Sofia is the capital of Bulgaria, which is in Eastern Europe. The city is in the country’s west at the base of the Vitosha Mountain, where you can ski in the winter. It isn’t a city that is visited as much as other European capital cities such as Rome, Paris, Madrid and Lisbon, but you will find plenty of things to do in Sofia.
Sofia has a history of occupation going back 2,000 years, which you will see in the architecture of the buildings and the artefacts in the museums. During its history, the Greeks, Romans, Ottomans and Soviets have been the ruling power.
There is plenty to keep you occupied in Sofia for at least a few days, if not longer, including a plethora of museums and churches, none of which are expensive to enter, and some are even free. Bulgaria, in general, is cheaper than a lot of other European countries, but this may change as more tourists choose this country for their holiday.
Bulgaria is one of the world’s largest wine producers, and in Sofia, you can book wine-tasting tours. When it comes to food, there are many traditional restaurants where you can try Bulgarian food but there are also international restaurants and even vegans and vegetarians are catered for. Sofia has four seasons with July being the hottest month and January, being the coldest. It can rain at any time of year so remember to bring an umbrella.
- Sofia, Bulgaria
- Top Tours
- 20 Things To Do in Sofia
- 1- Take A Guided Walking Tour of Sofia
- 2- Visit The Museum Of Socialist Art
- 3- Take a Day Trip From Sofia To Rila Monastery and Boyana Church
- 4- Visit The Alexander Nevsky Cathedral
- 5- Visit the Banya Bashi Mosque
- 6- Shop In Sofia’s Central Market Hall
- 7- Visit the Earth and People National Museum
- 8- Visit The Central Mineral Baths/Regional History Museum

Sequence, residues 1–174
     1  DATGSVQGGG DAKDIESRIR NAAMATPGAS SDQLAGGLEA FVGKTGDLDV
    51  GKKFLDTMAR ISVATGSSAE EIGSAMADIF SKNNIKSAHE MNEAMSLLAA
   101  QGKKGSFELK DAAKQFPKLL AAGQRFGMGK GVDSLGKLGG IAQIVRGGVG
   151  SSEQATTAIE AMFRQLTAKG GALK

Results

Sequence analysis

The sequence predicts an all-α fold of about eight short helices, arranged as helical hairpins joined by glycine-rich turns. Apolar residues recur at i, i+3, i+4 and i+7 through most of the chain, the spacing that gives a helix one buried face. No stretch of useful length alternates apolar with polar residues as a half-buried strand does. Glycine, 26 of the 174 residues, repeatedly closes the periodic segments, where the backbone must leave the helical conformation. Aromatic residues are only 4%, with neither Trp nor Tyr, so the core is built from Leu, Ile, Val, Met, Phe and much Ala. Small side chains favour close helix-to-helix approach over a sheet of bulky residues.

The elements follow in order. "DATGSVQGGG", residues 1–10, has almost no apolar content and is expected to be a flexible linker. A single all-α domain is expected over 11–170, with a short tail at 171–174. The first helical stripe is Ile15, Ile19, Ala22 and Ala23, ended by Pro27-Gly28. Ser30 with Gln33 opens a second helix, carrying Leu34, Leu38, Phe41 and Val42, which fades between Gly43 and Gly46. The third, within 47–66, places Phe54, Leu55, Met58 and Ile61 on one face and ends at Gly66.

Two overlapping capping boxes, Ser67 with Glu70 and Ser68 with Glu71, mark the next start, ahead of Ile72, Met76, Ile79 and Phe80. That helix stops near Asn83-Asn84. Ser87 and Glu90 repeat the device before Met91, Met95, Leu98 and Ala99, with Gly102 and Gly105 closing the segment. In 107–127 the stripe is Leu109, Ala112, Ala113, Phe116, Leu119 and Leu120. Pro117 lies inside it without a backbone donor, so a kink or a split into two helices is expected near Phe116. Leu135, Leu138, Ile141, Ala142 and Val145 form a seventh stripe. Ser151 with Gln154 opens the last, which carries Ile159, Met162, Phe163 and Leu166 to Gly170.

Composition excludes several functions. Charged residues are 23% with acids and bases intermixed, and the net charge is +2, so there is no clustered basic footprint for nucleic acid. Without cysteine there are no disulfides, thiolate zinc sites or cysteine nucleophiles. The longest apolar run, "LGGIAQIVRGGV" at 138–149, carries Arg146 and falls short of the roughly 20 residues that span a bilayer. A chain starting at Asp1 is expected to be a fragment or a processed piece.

- 9- Visit The Serdica Archaeological Complex
- 10- Admire The Frescoes In The St. George Rotunda Church
- 11- Take A Trip To The Past In The National Archaeological Museum
- 12- Visit the Saint Sofia Church
- 13- Admire The Paintings In The National Art Gallery
- 14- Visit The National History Museum
- 15- Shop ‘Til You Drop Along Vitosha Boulevard
- 16- Visit The National Ethnography Museum
- 17- Spend Some Time In The Sofia Synagogue
- 18- Pay A Visit To St. Nicholas Church
- 19- Enjoy A Wine & Cheese Tasting Experience
- 20- Take An Evening City Tour With A Folklore Dinner
- From Sofia: Rila Monastery and Boyana Church Group Tour – a popular day trip.
- Sofia: Lovech, Devetaki Cave and Krushuna Waterfalls Tour – get out and about and explore nature.
- From Sofia: Belogradchik Rocks – a full-day tour exploring this amazing natural landmark in the Balkan Mountains.
Book your transfers: Transfer from Sofia airport to hotel in Sofia or vice versa
20 Things To Do in Sofia
1- Take A Guided Walking Tour of Sofia
There are many tours on offer which will give you a good introduction to the city of Sofia.
Your guide will take you to the points of interest and tell you about them.
Then you can decide which ones you want to explore in more detail at your own pace.
A typical walking tour will take you to such sites as the Alexander Nevsky Cathedral, the Banya Bashi Mosque, the Sofia Synagogue, the archaeological sites, and many museums.
Your guide will tell you about the different types of architecture in the city and show you good examples of each, such as the Neo-Byzantine style of the St.
Kyriaki Church, and the Neo-Classical architecture of the Ivan Vazov National Theatre.
- Sofia: Full-Day City Tour including UNESCO Boyana Church
- Sofia: Communist Walking Tour – discover hidden secrets from a local.
2- Visit The Museum Of Socialist Art
The Museum of Socialist Art is an outdoor museum in a park.
It was opened in 2011 and shows artwork from the time of Socialist rule, that is, from 1944 until 1989.
The park covers 7,500 sq. metres (80,729 sq. feet) and there are 70 large sculptures of prominent Bulgarian and Soviet communists such as Lenin, Dimitrov and Kolarov.
There are also a few sculptures of farmers, workers, and Red Army men.
There is an enormous five-pointed star on a pedestal that was once at the entrance of the former Party House in the centre of Sofia.
There is an indoor hall where temporary exhibitions are held and there is also a video room, showing films about Communist rule.
You can take an organised tour of the museum which also takes you to the Buzludzha Monument, a spaceship-like structure built by the Bulgarian Communist government.